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I am at a playdate with a group of other moms.  There is a new mom there, and we are making small talk, as people do.  She asks about the ages of my kids, and I ask about hers.  Then she asks which children are mine – and glances out at the playground, where about 20 kids of similar age are playing. 

“My daughter is the blond there, in the pink dress . . . with the ponytail.  And the other one is the blond toddler on the ladder.  And my sons are the two black boys*.”

She looks like a deer in headlights.  A couple other moms look stunned, too.  Someone pipes in to explain that my children are adopted, but I feel like what she’s really trying to do is rescue  me from my guffaw.  I quietly wonder why I feel like I have to play the “descriptor dance” whenever pointing out my boys at school pickup or after church.  Why do I have to list 5 descriptors when one is the most obvious?  Especially when they are so often the minority, why do I have to skirt around it and describe their shirt, their hair, their age . . . when referring to their race cuts to the chase?

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We are at preschool for open house, seated at a child’s table with several other parents and their small children.  A little girl points to my son, and excitedly makes an observation to her mom.

CURIOUS GIRL: Mommy, do you SEE him!?! He's brown!

MORTIFIED MOM: (clearly embarrassed) Honey, be quiet.

CURIOUS GIRL: Mommy, do you see? Do you see that boy?

MORTIFIED MOM: Sweetie, BE QUIET. Be quiet right now.

CURIOUS GIRL: But mommy, look! He's brown.

MORTIFIED MOM: (whispering through gritted teeth) If you don't stop saying that right now, I will give you a spanking.

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These are just a few examples from my own life.  Obviously, I don’t think everyone has such hang-ups with talking about race . . . in fact I suspect that this is an issue unique to white folks.  But I do find it interesting that in seven years of raising black children, I have never had the experience of someone describing his race without some serious dancing around other descriptors first.  “The one with the braids? Blue shirt?  Brown hair?”  Always.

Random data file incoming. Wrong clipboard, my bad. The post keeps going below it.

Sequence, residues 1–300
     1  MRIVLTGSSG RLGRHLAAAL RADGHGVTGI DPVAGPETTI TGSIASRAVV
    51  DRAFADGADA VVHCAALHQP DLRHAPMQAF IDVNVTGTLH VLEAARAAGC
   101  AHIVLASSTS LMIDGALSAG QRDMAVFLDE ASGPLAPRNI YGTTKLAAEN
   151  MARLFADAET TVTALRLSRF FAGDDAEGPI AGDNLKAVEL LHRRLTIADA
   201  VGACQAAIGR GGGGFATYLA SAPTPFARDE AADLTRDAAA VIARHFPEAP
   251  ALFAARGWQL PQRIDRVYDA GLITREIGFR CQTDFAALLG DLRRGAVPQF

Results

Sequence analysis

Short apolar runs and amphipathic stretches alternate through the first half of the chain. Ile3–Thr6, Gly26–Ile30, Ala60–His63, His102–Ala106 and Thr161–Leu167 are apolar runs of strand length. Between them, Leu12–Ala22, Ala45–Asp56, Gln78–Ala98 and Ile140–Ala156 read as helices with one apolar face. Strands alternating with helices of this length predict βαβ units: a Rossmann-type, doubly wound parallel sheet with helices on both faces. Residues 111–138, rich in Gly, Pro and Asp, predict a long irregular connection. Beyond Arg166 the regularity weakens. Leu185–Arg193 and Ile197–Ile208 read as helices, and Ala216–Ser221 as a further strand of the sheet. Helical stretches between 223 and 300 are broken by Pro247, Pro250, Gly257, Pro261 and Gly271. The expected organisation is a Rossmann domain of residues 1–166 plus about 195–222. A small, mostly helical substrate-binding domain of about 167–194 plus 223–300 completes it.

Contrast this with my own kids, who I’ve raised to talk really openly about race.  They are at a very diverse preschool, and it is so interesting to hear them describe their classmates to one another.  Almost always, if they are talking about a schoolmate that the other doesn’t know, one will say, “what color skin and hair does he have?”  And the other will describe – with no judgment and no baggage surrounding it, the skin color of their friend.

What do you think?  Do you notice a reluctance for people to use racial descriptors?  Have we gone so overboard with our good intentions to not judge others based on skin color, that we can’t even comfortably mention skin color now?  And more importantly, what do you think all of this dancing around really does in terms of defeating racism?